An Explanation of “Contingency”

Contingency” is a very personal film, and so many people who watch it will not fully understand it. To help those people who wish to understand the film better, I prepared this description of the film. It covers each shot and piece of sound. In addition to an explanation where they came from, I also endeavour to explain why I chose them.

Through out the film I have a continuous background sound consisting of the sound tracks from all my films, layered one on top of another. Over this, I have added snippets of audio from my films and other places. I discuss each of those separately below.

0:00 – Image: Contingency Title – My original intent was to have a simple white on black title for the film. Unfortunately, the film I used was badly outdated and the image was very blue. I was going to reshoot it, but in the interim, I used the bad version. As I watched it, I realized that the “bad” title was more evocative of the theme of the film than a “good” title would be.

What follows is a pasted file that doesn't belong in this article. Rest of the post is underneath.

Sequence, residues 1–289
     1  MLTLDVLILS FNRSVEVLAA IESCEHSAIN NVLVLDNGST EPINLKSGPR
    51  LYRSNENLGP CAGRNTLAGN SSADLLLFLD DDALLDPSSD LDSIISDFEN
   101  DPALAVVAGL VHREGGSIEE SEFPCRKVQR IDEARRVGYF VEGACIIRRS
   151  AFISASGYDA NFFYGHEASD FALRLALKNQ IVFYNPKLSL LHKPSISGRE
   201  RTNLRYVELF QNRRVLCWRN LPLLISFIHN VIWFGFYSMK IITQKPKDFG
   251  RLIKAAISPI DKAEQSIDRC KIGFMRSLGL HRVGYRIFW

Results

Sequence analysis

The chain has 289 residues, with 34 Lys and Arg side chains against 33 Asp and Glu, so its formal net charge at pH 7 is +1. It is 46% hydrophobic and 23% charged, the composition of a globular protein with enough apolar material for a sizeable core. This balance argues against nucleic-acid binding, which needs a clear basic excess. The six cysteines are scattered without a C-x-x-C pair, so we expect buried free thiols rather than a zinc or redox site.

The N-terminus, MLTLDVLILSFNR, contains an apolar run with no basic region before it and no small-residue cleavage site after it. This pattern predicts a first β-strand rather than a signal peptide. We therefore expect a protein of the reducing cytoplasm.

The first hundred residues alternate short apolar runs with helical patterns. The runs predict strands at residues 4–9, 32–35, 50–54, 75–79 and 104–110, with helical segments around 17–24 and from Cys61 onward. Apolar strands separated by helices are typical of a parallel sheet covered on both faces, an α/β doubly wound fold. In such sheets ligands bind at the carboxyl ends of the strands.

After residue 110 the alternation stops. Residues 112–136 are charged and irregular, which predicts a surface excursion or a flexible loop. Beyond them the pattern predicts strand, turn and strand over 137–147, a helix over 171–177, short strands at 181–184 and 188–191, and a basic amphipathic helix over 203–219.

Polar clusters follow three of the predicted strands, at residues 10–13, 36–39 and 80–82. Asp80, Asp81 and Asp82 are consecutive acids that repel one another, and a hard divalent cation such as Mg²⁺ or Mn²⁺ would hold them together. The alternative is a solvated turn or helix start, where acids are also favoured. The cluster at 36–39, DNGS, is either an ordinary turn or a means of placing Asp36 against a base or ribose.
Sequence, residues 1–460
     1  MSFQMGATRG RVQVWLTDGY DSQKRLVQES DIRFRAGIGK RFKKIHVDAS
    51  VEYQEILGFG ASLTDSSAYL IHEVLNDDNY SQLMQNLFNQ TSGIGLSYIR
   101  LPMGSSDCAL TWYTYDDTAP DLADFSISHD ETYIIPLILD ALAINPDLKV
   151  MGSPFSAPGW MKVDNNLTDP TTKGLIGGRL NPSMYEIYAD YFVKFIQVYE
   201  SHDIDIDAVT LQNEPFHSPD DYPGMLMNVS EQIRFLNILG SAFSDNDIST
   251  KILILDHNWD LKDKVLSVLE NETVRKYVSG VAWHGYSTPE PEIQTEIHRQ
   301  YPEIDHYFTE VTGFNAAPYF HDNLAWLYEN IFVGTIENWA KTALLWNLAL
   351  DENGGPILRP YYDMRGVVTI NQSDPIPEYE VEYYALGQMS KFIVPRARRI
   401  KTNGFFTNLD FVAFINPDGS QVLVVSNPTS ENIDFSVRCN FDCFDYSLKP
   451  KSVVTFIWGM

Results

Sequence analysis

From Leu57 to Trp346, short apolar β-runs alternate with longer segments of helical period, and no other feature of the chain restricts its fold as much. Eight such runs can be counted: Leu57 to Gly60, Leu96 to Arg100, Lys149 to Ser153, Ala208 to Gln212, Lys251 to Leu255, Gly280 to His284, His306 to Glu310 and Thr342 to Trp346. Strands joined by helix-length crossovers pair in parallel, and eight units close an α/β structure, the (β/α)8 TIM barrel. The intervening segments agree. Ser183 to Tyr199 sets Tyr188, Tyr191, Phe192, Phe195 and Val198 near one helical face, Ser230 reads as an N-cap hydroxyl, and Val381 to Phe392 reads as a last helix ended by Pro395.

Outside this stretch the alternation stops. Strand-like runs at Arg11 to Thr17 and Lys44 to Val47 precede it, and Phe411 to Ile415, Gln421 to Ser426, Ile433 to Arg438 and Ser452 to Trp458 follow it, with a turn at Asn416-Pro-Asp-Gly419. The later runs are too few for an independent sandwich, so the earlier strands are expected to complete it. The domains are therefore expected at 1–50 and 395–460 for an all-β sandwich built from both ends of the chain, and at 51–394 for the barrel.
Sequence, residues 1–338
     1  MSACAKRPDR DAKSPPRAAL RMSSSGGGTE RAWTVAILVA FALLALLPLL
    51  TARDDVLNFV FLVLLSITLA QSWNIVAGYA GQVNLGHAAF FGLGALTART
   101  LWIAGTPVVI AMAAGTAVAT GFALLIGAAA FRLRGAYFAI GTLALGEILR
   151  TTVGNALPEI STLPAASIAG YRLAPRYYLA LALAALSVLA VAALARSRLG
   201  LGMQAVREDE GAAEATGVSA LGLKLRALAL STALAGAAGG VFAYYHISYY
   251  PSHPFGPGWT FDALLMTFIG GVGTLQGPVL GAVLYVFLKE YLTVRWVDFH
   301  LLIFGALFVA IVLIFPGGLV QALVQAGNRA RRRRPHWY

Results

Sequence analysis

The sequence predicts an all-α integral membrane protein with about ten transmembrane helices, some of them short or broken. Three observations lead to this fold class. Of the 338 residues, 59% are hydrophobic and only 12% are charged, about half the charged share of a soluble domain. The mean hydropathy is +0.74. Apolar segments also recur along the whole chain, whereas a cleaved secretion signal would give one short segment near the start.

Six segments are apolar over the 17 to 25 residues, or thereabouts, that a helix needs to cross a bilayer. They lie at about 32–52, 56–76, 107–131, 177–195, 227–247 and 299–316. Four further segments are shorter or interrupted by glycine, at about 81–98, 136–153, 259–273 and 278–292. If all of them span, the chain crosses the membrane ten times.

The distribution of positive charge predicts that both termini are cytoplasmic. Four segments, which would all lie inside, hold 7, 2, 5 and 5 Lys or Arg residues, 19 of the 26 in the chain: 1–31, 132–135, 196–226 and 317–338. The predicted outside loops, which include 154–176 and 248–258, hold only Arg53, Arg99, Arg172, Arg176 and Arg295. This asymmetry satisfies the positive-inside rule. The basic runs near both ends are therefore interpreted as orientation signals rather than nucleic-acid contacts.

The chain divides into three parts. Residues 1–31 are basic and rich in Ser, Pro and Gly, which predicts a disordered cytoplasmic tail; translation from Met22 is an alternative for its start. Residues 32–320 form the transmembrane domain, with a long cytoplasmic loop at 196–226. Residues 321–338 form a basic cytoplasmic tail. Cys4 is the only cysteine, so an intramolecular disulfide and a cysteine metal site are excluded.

0:00 Audio: Just watch me – This is a famous quote from former Prime Minister Pierre Trudeau.

0:03 – Image: A Film by James Beattie Morison – Normally I put the credits at the end of the film, but this would be inappropriate for this film, so I put it here. Many others were involved in the creation of the film I used, but I haven’t included them in the film itself. I’ve listed those people in the various descriptions of t film. The image itself was from images I got for “The Fence”. I didn’t use this particular image in “The Fence” because of some light leakage, but felt it would reinforce the theme of this film.

0:06 – Image: Cut Film – This shot was done specifically for this film. Similar shots in the movie “Man with a Camera” gave me this idea. It represents the control a film maker has over their film, and their ability to accept or reject the images they capture.

0:06 Audio: Things that seem to be accidental – This comes from a TV program called “Inevitable Life”. I chose it because it’s a clear statement about uncertainty and contingency.